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Then Again

23andMe, the direct-to-consumer genetic testing company, has changed its mind about opting users into its program that matches users to relatives, Vox reports.

In a feature last week, Vox recounted the stories of some 23andMe customers who discovered they had close relatives that they didn't know about. One customer found that his father had had a child before he got married, and this, Vox said, contributed to his parents' divorce.

23andMe, Vox had noted, was planning on changing its policy so that new users would automatically opted in to the service and existing customers would be given the option to opt out. "We had many more customers complaining about [relatives not showing up] than discovering someone wasn't related to them," Joanna Mountain, the senior director of research at 23andMe, told Vox then.

But over the weekend, the company announced in a community forum that it had abandoned that idea, and instead would be hiring a chief privacy officer.

"I do not think it was ever the right call to promise that we would automatically opt-in those customers. Core to our philosophy is customer choice and empowerment through data," CEO Anne Wojcicki says in the forum post.

"The Close Relatives features can potentially give a customer life changing information, like the existence of an unknown sibling or the knowledge that a relative is not biologically related to them," she adds. "Customers need to make their own deliberate and informed decision if they want this information."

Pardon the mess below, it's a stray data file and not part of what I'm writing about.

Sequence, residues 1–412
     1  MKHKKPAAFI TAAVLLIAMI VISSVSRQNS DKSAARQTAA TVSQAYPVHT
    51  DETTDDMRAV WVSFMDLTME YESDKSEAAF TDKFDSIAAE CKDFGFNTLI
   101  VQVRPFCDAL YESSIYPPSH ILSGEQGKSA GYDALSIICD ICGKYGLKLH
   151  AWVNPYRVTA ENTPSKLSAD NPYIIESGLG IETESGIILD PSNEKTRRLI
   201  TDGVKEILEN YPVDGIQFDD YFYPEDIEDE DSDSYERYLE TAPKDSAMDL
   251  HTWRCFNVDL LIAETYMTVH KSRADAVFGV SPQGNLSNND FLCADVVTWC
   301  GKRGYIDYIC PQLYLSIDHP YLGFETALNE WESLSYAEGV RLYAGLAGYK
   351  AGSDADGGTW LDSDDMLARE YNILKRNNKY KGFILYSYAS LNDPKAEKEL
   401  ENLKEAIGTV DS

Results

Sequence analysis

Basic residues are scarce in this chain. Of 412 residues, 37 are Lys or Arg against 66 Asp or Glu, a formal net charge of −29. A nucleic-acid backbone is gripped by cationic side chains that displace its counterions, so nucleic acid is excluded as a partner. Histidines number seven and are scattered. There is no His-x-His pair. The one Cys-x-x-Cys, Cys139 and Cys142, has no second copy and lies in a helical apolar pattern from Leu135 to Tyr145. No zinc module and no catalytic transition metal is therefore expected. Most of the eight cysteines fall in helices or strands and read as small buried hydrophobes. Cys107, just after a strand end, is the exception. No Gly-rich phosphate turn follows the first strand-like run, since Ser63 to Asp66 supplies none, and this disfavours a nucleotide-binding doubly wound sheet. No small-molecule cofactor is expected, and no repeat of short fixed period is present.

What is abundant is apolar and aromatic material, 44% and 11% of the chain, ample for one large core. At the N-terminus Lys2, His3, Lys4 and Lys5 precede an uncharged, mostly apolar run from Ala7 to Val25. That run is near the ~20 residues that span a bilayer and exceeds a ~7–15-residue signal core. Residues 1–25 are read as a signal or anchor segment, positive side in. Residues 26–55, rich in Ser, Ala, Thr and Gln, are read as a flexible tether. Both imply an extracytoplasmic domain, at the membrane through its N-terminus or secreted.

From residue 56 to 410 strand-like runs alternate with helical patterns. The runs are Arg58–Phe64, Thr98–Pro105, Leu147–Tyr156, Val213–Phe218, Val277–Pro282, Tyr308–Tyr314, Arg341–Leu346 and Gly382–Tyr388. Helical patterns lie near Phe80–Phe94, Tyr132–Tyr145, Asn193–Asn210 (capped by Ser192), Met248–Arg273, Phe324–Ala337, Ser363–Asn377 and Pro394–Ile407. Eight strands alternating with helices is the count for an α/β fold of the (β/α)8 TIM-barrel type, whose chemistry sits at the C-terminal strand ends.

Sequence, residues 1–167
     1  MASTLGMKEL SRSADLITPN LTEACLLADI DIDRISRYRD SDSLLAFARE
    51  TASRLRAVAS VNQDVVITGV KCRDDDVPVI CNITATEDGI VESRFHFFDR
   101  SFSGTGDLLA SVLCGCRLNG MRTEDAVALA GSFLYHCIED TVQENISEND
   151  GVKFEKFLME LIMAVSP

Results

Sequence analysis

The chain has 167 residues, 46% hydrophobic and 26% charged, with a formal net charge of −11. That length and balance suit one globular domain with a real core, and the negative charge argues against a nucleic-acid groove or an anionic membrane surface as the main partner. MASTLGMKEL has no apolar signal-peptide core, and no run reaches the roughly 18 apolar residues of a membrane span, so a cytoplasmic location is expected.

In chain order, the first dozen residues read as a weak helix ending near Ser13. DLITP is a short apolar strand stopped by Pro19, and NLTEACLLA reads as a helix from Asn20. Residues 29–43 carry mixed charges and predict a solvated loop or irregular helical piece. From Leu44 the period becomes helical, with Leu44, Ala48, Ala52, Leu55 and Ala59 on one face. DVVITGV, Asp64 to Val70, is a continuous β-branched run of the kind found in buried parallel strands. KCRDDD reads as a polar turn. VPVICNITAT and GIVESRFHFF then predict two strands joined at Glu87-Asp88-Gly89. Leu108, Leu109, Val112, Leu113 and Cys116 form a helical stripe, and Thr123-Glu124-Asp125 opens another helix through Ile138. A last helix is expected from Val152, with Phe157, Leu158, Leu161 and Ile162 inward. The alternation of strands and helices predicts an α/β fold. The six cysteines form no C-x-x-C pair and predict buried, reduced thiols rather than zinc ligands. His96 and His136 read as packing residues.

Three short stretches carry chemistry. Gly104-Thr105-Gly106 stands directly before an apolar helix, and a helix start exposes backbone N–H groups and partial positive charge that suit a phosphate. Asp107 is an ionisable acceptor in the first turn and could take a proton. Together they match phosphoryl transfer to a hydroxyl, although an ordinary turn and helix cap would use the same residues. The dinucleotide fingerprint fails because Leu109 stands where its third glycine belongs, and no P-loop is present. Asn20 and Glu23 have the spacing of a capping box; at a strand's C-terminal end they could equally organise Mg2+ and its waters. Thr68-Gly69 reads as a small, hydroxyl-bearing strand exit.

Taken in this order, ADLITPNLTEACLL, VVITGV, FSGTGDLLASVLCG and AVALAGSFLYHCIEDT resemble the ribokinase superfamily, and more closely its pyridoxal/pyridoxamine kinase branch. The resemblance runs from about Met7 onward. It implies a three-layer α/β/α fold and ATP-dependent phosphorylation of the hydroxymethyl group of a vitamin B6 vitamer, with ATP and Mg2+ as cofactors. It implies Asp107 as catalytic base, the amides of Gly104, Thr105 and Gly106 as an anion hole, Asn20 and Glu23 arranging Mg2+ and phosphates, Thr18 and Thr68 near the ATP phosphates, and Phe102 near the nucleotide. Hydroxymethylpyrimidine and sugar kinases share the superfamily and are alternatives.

Wojcicki says that 23andMe will be hiring a chief privacy officer to deal with such issues going forward.

The Scan

Another Resignation

According to the Wall Street Journal, a third advisory panel member has resigned following the US Food and Drug Administration's approval of an Alzheimer's disease drug.

Novavax Finds Its Vaccine Effective

Reuters reports Novavax's SARS-CoV-2 vaccine is more than 90 percent effective in preventing COVID-19.

Can't Be Used

The US Food and Drug Administration says millions of vaccine doses made at an embattled manufacturing facility cannot be used, the New York Times reports.

PLOS Papers on Frozen Shoulder GWAS, Epstein-Barr Effects on Immune Cell Epigenetics, More

In PLOS this week: genome-wide association study of frozen shoulder, epigenetic patterns of Epstein-Barr-infected B lymphocyte cells, and more.